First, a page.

Tag Archive | "Chipper Jones"

BALTIMORE, :  Baltimore Orioles pitcher Mike Mussina throws to home plate in the first inning 15 October during game six of the American League Championship Series against the Cleveland Indians at Camden Yards in Baltimore, Maryland. The Indians lead the series 3-2.    AFP PHOTO/Timothy A. CLARY (Photo credit should read TIMOTHY A. CLARY/AFP/Getty Images)

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Former Orioles star Mussina moves closer to Hall of Fame

Posted on 24 January 2018 by Luke Jones

Mike Mussina will continue to wait, but eventual election to the Baseball Hall of Fame is looking more and more like a matter of “when” and not “if” for the former Orioles ace.

The 270-game winner and five-time All-Star starting pitcher missed out on induction with the 2018 class, but he received 63.5 percent of the votes, up from 51.8 percent a year ago and continuing a substantial climb after he received less than 25 percent of the vote in his first two years of eligibility. Players must receive at least 75 percent of the vote to be elected, and he fell just 49 votes shy this year.

The voting process has fallen under much scrutiny in recent years as baseball writers try to navigate the fallout of the steroid era, but Mussina’s perception has benefited greatly from the increasing acceptance of sabermetrics. The seven-time Gold Glove winner never won a Cy Young Award, but his 82.7 wins above replacement rank 24th on the all-time list for pitchers and his adjusted earned run average (ERA+) of 123 is among the best starting pitchers in major league history and accounts for the difficult run-scoring environment and ballparks in which he pitched. Mussina’s peak may not shine as brightly as other Hall of Fame pitchers, but his long-term success pitching in the lucrative era of performance-enhancing drugs and spending his entire career — 10 seasons with the Orioles and eight with the New York Yankees — in the American League East only strengthen his case.

It’s easy to point to Mussina’s career 3.68 ERA or only one 20-win season as justification to keep him out of Cooperstown, but too many fail to recognize a 3.68 ERA in 2000 was vastly different from a 3.68 ERA in 1975 or 1945 or 1915. That’s why numbers such as WAR and ERA+ are so important for context as we attempt to evaluate players across different eras.

Even if you’re not a believer in “new-age” statistics, Mussina still ranks 33rd in wins, 66th in innings pitched, and 20th in career strikeouts. He also had a strong postseason career with a 3.42 ERA in 139 2/3 innings. Mussina also very likely would have had two more 20-win seasons had it not been for the infamous 1994 strike when he had 16 wins by mid-August and then won 19 games in an abbreviated 144-game season a year later.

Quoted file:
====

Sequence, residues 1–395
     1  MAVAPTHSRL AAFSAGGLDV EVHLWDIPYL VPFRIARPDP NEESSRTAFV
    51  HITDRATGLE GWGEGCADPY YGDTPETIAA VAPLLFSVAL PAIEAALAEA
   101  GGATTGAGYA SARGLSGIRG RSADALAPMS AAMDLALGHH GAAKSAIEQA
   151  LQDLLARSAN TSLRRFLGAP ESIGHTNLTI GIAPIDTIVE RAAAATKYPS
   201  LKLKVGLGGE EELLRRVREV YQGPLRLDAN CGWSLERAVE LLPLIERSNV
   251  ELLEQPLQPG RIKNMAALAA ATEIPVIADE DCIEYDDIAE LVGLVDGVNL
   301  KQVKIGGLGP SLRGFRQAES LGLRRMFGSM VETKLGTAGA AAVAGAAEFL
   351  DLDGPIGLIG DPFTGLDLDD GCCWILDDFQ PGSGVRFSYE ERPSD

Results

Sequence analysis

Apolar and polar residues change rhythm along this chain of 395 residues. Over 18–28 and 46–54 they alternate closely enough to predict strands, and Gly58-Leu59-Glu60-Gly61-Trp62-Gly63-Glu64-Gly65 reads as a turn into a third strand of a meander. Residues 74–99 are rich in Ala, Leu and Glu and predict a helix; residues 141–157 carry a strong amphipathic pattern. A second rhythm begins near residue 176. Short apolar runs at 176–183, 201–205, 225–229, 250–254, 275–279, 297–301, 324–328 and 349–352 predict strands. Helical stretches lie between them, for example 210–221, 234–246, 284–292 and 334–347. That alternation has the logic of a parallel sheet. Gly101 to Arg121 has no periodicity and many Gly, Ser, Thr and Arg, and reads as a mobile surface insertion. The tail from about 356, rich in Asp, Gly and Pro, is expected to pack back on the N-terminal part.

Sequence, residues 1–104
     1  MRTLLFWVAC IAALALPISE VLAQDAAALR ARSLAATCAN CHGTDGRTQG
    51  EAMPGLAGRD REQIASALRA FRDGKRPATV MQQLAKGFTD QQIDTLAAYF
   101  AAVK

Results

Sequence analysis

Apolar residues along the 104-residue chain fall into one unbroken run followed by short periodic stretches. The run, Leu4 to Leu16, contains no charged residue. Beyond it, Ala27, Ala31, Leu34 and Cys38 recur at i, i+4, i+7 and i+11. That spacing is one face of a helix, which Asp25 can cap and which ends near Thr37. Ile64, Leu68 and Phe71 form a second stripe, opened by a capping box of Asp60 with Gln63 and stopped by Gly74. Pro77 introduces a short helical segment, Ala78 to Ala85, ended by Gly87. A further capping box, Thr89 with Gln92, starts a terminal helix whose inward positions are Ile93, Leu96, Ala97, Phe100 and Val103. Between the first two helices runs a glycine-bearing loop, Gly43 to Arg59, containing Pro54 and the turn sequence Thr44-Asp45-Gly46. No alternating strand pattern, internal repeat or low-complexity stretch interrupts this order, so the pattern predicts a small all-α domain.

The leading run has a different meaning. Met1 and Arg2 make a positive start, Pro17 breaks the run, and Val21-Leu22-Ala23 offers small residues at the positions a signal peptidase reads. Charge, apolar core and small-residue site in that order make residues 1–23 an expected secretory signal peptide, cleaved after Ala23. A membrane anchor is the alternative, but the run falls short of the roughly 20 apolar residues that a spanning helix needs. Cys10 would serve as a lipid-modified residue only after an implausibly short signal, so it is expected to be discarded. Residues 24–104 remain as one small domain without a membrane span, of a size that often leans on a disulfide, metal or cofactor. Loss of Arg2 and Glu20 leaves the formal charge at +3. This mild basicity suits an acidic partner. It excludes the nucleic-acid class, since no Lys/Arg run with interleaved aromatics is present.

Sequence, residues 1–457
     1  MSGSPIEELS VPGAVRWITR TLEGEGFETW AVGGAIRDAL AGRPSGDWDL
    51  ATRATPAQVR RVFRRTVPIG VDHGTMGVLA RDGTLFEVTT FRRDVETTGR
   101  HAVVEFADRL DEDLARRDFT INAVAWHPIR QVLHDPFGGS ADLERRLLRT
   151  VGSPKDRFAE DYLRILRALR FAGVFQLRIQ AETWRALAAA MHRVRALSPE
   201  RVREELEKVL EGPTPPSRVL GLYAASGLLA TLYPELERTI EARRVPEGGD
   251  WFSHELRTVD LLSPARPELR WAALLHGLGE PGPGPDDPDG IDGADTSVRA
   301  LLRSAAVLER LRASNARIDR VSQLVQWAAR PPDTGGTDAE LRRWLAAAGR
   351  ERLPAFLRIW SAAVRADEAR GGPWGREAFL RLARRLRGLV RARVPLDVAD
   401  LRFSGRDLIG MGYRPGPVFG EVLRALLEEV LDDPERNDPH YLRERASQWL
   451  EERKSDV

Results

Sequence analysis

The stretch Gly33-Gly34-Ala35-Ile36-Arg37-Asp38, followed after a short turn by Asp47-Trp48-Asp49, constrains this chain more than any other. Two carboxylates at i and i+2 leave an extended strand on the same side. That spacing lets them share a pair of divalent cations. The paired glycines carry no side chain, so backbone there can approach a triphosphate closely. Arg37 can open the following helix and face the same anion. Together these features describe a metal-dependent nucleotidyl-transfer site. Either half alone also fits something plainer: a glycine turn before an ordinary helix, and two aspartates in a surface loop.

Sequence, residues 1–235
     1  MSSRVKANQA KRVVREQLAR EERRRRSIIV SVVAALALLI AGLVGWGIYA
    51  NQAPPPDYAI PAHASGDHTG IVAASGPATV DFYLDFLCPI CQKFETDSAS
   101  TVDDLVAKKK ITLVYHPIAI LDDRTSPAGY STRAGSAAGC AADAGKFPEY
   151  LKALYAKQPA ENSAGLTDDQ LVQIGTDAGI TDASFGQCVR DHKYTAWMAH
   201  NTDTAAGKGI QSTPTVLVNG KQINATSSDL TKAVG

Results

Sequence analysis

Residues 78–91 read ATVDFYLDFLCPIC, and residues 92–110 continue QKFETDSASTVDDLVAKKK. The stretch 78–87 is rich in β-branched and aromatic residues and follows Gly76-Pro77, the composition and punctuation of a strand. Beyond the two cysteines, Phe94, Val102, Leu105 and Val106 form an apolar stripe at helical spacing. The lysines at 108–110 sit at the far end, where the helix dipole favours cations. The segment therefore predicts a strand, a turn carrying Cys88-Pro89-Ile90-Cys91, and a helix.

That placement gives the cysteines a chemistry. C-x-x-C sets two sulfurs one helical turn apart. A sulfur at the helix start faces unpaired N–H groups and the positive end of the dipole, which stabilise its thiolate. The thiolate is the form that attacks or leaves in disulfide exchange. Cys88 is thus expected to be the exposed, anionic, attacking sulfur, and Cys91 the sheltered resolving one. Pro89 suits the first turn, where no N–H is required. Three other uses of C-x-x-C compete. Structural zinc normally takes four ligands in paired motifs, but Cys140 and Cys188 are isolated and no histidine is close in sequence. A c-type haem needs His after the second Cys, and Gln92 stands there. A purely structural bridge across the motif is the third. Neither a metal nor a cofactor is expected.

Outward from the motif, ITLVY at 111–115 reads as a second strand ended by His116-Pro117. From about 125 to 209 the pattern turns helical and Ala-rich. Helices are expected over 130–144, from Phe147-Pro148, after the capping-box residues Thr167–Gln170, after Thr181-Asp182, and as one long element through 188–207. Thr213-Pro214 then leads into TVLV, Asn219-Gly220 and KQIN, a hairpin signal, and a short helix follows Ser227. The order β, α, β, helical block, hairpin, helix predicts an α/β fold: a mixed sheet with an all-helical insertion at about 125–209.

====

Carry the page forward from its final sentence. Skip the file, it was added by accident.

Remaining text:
Mussina did not make the Hall of Fame cut in 2018, but two others who concluded their long major league careers with the Orioles were elected as Vladimir Guerrero and Jim Thome received the call Wednesday.

Guerrero last played in the majors with the Orioles in 2011, hitting .290 with 13 home runs and 63 runs batted in over 590 plate appearances. He signed a minor-league deal with Toronto the following year, but the Dominican slugger didn’t make it back to the majors and was eventually granted his release.

Thome arrived in Baltimore in a 2012 summer trade with Philadelphia, hitting .257 with three homers and 10 RBIs in 115 plate appearances. At age 42, he went 2-for-15 in the 2012 postseason and never played again before officially announcing his retirement in 2014.

Third baseman Chipper Jones and closer Trevor Hoffman were also elected to the Hall of Fame as part of the 2018 class on Wednesday.

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Chipper Jones Enjoys Dream All-Star Game

Posted on 13 July 2012 by jeffreygilley

Honestly, could the All-Star game have been any better for Chipper Jones?  I think not.  From his motivational speech to his single, he certainly went out on a high note as the National League beat the American League eight to nothing.

Jones spent his entire career with the Atlanta Braves and is going to retire at the end of the season.  Jones spent most of his career at third base but also played left field in 2002 and 2003.

Jones career awards and statistics speak for themselves.  He is an eight time All-Star, earned the National League MVP in 1999, and a World Series Champion in 1995.  Jones won’t have to wait long for the Hall of Fame and deserves all the recognition he has received throughout his career.

Jones’s presence will be greatly missed by the Atlanta Braves and baseball fans alike.  It was also really cool to see Jones talking to Bryce Harper throughout the game.

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For Love of the Game – Afterthoughts on the Midsummer Classic

Posted on 11 July 2012 by hopebirchfield